Decongestant tablets and sprays can be purchased over the counter. However, they should be avoided by people with heart disease, high blood pressure, irregular heart rhythms, thyroid disease, or anxiety. People who suffer from these conditions should consult their physician before using these (or any) medications. Pregnant women should consult their physicians first.

As a diver descends into the water, the pressure increases on the external surface of the eardrum. At just one foot below the surface, pressure can already be felt as the eardrums flax inward. At four feet, the eardrums bulge and nerve endings are stretched, this is where many people begin to feel pain. At ten feet below the surface, if the descent was fast enough, your eardrums can burst. To avoid the pressure causing permanent damage, there are a few things you can do.

How to unblock your ears

When diving or going into a tunnel or underground cave, the precautions and treatments are similar to going into high altitude. However, you may not have the ability to continually chew gum or pinch your nose closed, so some modifications may be required. One thing to remember during the decent is to go slowly and pay attention to your ears. If you do feel ear pressure that you cannot relieve, position yourself head up and look up toward the surface. It requires 50% more force to relieve pressure when your feet are above your head and tipping your head upward helps to extend the Eustation tubes, forcing them to open when you have no other way to make them open. It is not recommended to use the Valsalva maneuver when diving.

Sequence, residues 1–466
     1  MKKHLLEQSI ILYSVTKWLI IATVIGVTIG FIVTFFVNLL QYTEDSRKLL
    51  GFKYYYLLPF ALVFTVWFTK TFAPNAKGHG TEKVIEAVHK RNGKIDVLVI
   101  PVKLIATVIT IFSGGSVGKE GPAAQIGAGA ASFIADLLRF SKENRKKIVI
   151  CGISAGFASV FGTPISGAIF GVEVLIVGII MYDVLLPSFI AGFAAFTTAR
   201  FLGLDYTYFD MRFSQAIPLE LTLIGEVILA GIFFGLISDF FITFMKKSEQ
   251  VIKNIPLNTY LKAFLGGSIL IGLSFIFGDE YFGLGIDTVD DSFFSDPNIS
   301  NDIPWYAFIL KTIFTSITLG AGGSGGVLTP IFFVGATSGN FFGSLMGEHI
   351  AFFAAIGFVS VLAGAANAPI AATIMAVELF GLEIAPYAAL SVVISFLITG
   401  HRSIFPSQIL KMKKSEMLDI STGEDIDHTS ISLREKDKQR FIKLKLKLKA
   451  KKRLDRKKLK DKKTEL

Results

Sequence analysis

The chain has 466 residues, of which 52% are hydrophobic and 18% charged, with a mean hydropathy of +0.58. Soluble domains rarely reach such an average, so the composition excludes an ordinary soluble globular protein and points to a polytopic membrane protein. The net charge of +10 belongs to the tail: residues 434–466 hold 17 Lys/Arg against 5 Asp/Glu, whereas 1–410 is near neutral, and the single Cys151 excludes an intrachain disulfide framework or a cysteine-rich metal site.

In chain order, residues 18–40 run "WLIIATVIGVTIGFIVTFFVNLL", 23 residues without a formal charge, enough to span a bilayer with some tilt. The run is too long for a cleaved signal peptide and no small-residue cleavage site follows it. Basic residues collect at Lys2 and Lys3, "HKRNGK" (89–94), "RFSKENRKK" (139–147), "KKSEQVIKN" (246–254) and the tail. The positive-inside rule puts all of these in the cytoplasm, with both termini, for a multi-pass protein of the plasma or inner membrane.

• Prepare early – begin equalizing your ears above surface a few hours prior to diving.
  • Descend feet-first.
  • Prevent water from entering the ear.
  • Look up toward the surface.
  • Use pressure-relief techniques often and before you feel the pressure.
  • Stop your decent if it hurts – it will NOT improve!
  • Voluntary tubal opening – closed mouth yawn.
  • Toynbee maneuver – pinch nose and swallow.
  • Frenzel maneuver – pinch nose and click tongue.
  • Edmonds maneuver – tense soft palate and throat muscles, push jaw forward to do a Valsalva maneuver.

When should I call a doctor?

Ear pressure problems — aero-otitis or barotrauma — are usually temporary when traveling or in situations we mentioned — hiking, traveling in high-altitude or underground, traveling in the mountains, or swimming. If you are unable to “pop” your ears or pain is intense or persists, consult your medical care provider. Don’t just assume that your ears haven’t popped yet, if the pressure or fluid conditions persist, symptoms could be a result of or cause:

  • Ear infection
  • Ruptured eardrum
  • Vertigo – chronic dizziness
  • Hearing loss

For all of your ear pain and ear needs contact us at Alpine ENT.